The New York Times has a fascinating article on the role of psychology and decision making in climate change research.
Entitled, “Why Isn’t the Brain Green?”, there are some gems of relevance for the humanitarian and climate science communities.
- “It isn’t immediately obvious why such studies are necessary or even valuable. Indeed, in the United States scientific community, where nearly all dollars for climate investigation are directed toward physical or biological projects, the notion that vital environmental solutions will be attained through social-science research — instead of improved climate models or innovative technologies — is an aggressively insurgent view.”
- “Let’s start with the fact that climate change is anthropogenic,” Weber told me one morning in her Columbia office. “More or less, people have agreed on that. That means it’s caused by human behavior. That’s not to say that engineering solutions aren’t important. But if it’s caused by human behavior, then the solution probably also lies in changing human behavior.”
- “…we are not always adept at long-term thinking; experiments have shown a frequent dislike for delayed benefits, so we undervalue promised future outcomes. (Given a choice, we usually take $10 now as opposed to, say, $20 two years from now.)”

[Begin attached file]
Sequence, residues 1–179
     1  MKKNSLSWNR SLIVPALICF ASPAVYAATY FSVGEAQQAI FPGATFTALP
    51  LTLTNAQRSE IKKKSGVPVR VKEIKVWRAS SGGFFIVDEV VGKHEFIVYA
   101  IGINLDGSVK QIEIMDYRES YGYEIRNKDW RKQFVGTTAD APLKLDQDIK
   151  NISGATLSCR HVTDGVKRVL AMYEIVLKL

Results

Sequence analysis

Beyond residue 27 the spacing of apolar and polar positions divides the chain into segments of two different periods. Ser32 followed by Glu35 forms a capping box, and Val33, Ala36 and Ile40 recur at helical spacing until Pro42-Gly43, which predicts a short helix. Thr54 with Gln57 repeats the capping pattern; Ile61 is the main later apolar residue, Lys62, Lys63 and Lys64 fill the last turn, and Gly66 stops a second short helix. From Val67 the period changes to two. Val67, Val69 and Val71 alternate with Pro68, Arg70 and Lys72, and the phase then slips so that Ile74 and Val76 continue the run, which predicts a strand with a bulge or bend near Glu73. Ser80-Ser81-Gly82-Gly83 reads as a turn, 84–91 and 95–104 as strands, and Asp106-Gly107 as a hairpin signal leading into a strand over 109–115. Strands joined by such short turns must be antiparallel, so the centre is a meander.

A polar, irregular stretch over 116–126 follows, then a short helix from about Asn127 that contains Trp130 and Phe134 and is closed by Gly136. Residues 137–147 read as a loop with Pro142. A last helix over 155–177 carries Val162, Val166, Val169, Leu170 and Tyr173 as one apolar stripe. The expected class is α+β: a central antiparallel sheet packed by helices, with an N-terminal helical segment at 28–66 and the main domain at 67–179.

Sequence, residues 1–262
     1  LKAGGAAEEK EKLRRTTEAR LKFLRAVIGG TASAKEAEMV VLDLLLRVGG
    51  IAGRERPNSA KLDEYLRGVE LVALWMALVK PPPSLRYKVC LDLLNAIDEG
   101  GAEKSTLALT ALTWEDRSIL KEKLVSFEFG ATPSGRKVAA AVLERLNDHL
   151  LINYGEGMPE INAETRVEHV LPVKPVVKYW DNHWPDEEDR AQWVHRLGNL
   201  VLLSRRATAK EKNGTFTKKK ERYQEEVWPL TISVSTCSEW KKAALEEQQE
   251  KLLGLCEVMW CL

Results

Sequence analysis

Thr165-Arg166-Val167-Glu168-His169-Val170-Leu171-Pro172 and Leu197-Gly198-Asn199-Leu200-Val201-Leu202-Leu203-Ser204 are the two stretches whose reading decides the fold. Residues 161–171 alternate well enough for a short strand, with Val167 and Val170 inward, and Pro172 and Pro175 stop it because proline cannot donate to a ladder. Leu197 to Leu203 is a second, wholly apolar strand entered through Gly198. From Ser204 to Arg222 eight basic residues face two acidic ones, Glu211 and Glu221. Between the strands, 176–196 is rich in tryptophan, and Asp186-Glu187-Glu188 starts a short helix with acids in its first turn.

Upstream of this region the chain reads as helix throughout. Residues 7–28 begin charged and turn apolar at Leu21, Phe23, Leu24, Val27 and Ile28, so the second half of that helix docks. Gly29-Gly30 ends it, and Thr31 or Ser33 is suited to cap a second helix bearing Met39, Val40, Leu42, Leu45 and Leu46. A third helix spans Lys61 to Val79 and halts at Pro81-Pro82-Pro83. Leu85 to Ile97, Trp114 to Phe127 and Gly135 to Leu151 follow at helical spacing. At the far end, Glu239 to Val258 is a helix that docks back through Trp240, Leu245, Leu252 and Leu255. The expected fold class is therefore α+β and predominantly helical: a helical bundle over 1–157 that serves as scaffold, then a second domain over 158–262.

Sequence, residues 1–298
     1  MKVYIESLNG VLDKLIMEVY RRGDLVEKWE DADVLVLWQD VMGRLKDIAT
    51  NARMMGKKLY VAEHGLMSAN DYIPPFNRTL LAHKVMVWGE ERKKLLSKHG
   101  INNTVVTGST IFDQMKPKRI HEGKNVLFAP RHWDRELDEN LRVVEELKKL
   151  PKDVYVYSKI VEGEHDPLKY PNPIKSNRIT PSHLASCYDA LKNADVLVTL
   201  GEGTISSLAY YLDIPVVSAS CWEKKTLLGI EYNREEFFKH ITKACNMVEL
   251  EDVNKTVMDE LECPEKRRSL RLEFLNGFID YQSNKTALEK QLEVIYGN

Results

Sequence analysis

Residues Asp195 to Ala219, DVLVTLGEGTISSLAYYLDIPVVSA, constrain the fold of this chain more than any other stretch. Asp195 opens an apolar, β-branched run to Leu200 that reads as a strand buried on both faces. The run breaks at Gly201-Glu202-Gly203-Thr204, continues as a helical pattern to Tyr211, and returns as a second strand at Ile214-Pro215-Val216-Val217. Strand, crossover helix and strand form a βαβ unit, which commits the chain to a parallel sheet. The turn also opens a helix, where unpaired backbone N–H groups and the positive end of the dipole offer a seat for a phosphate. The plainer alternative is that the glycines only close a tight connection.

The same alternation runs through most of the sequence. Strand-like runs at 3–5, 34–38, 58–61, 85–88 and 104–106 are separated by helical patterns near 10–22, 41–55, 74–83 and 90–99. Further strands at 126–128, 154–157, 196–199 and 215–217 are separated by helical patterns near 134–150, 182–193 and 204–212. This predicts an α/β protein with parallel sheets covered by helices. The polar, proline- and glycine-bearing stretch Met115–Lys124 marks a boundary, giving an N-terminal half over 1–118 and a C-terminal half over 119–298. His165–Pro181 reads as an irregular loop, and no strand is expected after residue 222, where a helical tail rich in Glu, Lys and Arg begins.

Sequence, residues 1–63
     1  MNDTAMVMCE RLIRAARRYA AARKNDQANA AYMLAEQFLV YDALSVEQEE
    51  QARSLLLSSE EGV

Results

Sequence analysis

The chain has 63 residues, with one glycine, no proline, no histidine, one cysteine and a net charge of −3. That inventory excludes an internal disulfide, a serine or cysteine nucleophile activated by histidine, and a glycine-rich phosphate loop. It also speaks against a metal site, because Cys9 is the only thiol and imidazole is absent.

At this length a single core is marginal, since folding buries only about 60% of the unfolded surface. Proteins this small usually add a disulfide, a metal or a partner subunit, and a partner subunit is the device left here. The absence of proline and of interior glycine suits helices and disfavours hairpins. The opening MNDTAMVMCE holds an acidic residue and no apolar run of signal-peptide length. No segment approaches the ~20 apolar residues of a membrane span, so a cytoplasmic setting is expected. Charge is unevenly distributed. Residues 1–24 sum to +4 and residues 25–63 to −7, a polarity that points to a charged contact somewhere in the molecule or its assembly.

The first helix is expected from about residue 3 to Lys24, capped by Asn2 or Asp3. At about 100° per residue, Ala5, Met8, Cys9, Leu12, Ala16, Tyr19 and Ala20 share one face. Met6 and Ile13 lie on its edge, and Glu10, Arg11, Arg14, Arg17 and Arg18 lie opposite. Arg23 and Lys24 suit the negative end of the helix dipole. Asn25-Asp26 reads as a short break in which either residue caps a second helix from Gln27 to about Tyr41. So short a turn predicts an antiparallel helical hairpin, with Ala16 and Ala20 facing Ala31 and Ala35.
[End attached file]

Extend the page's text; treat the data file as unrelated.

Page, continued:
- Almost certainly, we underestimate the danger of rising sea levels or epic droughts or other events that we’ve never experienced and seem far away in time and place.
- “Weber’s research seems to help establish that we have a “finite pool of worry,” which means we’re unable to maintain our fear of climate change when a different problem — a plunging stock market, a personal emergency — comes along. We simply move one fear into the worry bin and one fear out. And even if we could remain persistently concerned about a warmer world? Weber described what she calls a “single-action bias.” Prompted by a distressing emotional signal, we buy a more efficient furnace or insulate our attic or vote for a green candidate — a single action that effectively diminishes global warming as a motivating factor. And that leaves us where we started.”
- Group dynamics are crucially important, as many environmental laws and policy decisions are group choices.
- People often preference emotional decision making over analytic; “You’ll notice they’re saying, ‘This has so-and-so effect over so many years’ — that’s analytical. But then often they’re saying, ‘But I feel this way’ — that’s emotional.” In short, what Handgraaf and Weber were hearing wasn’t a conversation about the best wind turbine but a tussle between the subjects’ analytical and emotional methods of risk assessment. “
- “Trivial semantic differences” in the way policies are presented or framed can strongly influence their popularity and outcome.
An excellent article, in full here.